Everyone seems to think that our generation centralizes around narcissism, when in reality – the selfies, the online mingling, it all relates back to finding people who are being so open about their personal lives that we can easily relate to them. While all of that may seem off topic – it isn’t. It all relates back to how we are presenting ourselves – which is totally real. We’re put off by flash and “power mongrels”. We’d rather meet and work with genuine people who show up as they are, people we can relate to, instead of trying to command a presence with their attire. The people who have the most social followings online are the ones who share their embarrassingly real stories, not the ones who look like they have totally perfect lives. And so – in a new work environment, we’d rather meet people we feel we can relate with and connect to, than people who seem so calculated or stuck up in their appearance.
The older I get, the more of a truth this becomes, not just in our generation, but the generation after mine. The tricky part is- we’re not always dealing with our generation. At this age, I mostly deal with the generation before me – who still wants to be wildly impressed by “how mature we seem”. They genuinely value a well- dressed person and I believe, equate that with success – whereas so many successful people our age are typically dressed in jeans and hoodies, sitting behind a computer drinking coffee most of the day. We’ve just learned to measure things differently.
That being said, I think it’s important as a young professional to understand both sides of that. If I know I’m going to be meeting someone older than me, someone who thinks differently, I know what I need to do to make them see me as powerful, or full of potential. I need to dress up. I need to wear that pencil skirt, that dress shirt. I need to make them see me as an anomaly- a young person that has their life together. I have to set myself apart from the crowd. The understanding of that type of thinking can’t be dismissed. It would be foolish to try to. Impressing those people is so important because they run so much of our world. But the reality is, I’m sitting in those meetings – looking smart, and focused – but my mind can’t stop thinking about getting home and putting on pajamas. The thought of kicking off my stilettos is dominating my mind – rather than the actual work I’m doing.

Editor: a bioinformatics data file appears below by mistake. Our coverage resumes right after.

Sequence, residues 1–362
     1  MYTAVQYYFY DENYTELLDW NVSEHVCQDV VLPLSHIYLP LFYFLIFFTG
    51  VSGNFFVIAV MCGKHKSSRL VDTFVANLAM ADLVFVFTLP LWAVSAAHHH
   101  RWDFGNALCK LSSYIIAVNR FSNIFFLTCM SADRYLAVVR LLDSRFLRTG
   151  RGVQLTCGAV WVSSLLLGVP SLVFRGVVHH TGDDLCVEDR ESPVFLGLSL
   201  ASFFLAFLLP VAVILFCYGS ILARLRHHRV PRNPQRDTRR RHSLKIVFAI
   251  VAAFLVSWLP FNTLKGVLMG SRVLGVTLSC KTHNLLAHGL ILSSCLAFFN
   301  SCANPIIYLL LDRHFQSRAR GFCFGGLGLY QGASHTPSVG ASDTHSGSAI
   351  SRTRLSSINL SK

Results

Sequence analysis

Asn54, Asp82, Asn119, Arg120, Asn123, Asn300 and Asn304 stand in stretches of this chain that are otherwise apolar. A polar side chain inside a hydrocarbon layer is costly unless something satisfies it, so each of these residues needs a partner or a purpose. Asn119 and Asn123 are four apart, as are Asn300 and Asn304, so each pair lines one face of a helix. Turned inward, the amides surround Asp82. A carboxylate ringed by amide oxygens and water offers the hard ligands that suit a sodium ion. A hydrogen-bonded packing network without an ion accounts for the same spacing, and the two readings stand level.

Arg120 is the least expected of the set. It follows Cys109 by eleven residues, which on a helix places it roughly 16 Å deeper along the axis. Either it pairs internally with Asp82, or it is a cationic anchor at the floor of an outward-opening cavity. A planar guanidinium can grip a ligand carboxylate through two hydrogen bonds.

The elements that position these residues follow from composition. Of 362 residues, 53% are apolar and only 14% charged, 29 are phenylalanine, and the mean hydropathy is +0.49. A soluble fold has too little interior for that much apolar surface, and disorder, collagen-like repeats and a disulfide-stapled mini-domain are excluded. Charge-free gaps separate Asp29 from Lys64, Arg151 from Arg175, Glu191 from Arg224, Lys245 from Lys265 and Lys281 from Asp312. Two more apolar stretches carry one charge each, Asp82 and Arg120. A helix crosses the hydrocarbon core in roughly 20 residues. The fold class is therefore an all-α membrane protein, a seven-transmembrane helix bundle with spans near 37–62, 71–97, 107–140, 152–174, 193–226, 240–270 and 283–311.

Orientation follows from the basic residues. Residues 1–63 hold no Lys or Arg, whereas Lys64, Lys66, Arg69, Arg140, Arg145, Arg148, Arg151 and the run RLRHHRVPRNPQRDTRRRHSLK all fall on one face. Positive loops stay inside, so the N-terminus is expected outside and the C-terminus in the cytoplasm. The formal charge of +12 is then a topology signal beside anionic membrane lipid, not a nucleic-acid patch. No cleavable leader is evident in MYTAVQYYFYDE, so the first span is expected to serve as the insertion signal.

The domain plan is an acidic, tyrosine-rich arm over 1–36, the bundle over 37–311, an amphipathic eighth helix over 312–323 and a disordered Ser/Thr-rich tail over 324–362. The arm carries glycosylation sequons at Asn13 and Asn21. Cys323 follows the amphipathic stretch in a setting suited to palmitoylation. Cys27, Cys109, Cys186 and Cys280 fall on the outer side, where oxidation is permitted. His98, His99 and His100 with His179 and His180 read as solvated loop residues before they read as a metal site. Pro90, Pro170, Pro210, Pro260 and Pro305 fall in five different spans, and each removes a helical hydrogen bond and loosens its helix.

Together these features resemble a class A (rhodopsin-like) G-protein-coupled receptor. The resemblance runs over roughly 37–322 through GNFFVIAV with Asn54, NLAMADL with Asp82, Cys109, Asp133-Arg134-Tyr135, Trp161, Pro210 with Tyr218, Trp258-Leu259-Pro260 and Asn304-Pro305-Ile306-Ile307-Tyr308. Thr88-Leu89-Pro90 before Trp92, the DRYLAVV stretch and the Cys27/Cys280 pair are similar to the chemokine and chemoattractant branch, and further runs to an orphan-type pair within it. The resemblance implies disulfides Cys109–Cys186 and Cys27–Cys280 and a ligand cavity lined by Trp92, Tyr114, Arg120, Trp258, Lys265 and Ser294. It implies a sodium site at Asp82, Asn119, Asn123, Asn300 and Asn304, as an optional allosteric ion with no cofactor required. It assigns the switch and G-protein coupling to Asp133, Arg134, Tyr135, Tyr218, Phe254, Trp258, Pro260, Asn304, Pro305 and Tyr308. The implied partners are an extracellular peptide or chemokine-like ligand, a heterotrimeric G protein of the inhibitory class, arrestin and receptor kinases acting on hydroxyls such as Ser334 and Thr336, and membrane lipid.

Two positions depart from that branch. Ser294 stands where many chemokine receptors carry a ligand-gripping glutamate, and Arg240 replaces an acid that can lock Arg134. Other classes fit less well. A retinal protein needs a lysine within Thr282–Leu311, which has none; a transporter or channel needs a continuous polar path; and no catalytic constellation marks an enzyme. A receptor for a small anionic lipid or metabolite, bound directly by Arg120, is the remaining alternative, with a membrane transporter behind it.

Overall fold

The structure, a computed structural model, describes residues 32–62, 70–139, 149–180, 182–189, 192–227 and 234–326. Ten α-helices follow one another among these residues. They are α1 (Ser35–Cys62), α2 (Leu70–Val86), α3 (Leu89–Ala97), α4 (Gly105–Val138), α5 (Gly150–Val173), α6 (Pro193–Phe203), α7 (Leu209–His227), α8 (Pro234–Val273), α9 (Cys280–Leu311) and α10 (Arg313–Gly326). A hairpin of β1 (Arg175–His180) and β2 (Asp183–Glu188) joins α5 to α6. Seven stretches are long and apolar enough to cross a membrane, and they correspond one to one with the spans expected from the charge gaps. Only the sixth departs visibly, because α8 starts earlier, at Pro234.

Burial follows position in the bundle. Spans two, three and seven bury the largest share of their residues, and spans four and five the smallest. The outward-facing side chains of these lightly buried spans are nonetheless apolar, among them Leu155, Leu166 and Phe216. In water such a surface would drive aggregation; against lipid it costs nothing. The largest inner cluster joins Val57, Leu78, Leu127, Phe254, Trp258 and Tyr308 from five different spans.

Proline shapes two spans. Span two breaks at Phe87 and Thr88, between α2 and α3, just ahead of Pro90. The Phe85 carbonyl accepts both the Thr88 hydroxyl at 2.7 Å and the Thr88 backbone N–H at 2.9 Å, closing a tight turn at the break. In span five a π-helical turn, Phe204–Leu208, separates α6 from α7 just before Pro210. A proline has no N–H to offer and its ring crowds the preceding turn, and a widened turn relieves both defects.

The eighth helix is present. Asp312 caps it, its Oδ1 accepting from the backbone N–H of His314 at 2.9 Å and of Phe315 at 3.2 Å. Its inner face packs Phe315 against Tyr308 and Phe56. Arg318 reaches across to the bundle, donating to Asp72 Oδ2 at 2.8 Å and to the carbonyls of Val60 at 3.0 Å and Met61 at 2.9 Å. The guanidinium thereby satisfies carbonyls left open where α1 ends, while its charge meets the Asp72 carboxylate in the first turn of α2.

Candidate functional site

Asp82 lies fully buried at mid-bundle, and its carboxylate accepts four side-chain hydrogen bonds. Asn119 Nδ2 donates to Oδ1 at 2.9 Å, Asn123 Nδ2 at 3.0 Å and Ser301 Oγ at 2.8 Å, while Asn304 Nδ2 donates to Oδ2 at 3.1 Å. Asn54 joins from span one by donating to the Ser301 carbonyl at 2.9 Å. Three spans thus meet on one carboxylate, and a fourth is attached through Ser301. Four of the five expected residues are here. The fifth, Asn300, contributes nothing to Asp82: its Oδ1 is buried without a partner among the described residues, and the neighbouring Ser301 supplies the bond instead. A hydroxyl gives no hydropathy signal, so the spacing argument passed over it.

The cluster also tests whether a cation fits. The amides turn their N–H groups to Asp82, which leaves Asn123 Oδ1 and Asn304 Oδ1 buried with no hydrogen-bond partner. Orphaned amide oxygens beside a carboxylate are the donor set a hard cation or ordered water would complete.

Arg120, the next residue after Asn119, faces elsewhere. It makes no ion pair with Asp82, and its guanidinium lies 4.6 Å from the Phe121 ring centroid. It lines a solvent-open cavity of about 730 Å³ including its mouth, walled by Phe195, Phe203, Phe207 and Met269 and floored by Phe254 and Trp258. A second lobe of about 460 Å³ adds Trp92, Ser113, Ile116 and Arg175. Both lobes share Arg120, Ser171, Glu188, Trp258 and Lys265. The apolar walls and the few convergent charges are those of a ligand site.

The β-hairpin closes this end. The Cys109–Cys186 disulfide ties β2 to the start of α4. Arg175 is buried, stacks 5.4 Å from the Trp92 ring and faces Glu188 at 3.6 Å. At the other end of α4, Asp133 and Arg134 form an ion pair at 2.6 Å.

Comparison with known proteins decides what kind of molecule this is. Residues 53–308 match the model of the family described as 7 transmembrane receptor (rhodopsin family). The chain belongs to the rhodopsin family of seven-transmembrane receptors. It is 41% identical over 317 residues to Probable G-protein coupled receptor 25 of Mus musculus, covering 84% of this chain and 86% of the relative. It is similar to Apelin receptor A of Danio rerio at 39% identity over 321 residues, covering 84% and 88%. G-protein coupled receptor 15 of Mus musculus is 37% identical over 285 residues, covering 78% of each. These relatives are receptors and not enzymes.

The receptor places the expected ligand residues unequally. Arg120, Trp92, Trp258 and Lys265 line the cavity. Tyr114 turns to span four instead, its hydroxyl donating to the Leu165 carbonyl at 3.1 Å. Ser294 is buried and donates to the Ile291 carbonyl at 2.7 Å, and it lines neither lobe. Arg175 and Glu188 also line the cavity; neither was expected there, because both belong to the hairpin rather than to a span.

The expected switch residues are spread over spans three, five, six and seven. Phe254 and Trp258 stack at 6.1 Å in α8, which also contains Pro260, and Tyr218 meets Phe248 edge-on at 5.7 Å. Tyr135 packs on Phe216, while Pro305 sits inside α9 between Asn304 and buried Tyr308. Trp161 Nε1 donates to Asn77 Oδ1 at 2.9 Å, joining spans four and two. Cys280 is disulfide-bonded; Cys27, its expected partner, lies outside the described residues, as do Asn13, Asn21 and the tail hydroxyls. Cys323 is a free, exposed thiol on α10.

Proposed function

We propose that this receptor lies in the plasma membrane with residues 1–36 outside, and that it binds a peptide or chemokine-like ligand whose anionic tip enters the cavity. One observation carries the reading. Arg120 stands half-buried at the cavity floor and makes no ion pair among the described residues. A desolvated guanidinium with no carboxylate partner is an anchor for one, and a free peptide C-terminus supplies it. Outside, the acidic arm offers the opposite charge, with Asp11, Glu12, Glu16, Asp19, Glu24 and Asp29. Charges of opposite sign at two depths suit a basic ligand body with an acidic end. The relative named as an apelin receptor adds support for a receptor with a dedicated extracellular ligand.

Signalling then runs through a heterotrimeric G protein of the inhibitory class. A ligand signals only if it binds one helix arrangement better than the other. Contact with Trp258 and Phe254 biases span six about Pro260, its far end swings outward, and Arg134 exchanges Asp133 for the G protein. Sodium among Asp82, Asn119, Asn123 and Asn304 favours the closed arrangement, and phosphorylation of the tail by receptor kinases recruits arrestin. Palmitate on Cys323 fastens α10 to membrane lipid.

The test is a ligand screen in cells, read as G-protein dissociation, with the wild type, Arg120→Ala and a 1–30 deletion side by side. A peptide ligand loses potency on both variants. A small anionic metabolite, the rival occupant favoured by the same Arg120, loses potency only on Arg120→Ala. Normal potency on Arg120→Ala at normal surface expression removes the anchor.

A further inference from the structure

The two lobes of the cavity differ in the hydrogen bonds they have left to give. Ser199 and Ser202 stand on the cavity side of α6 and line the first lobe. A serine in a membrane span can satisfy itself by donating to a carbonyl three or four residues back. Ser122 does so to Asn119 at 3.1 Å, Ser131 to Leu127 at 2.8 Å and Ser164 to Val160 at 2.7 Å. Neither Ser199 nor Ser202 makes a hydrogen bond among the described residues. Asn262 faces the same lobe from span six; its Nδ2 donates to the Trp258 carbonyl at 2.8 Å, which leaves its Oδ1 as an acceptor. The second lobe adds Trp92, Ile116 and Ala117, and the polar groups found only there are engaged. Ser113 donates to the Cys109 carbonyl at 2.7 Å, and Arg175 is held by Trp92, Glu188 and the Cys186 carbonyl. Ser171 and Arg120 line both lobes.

When I’m comfortable, when I’m in “athleisure” as this article put it – I’m crawling on the ground organizing things just so. I’m running from the front of the office to the back of the office in 2 minutes flat instead of wobbling down the hallway trying not to sprain an ankle. I’m ready for the next eight hours of work, or even ten hours some days, because I’m at ease. I can move. I can relax. And I can let my brain focus on what it really needs to, without fabric starch getting in the way.
That being said – I think that there is a time and a place for both, and it’s so important to take into account the age group of people you’re dealing with, as well as the type of encounter (a job interview, etc.). It’s hard for me to really pick a side to this argument because I’m caught between the two worlds."
Interestingly, we both came to somewhat the same conclusion, which is to dress for the audience and the circumstance, although I still believe that pants without a zipper lead to weight gain, and sloppy appearance equates itself with sloppy work…. Just sayin’.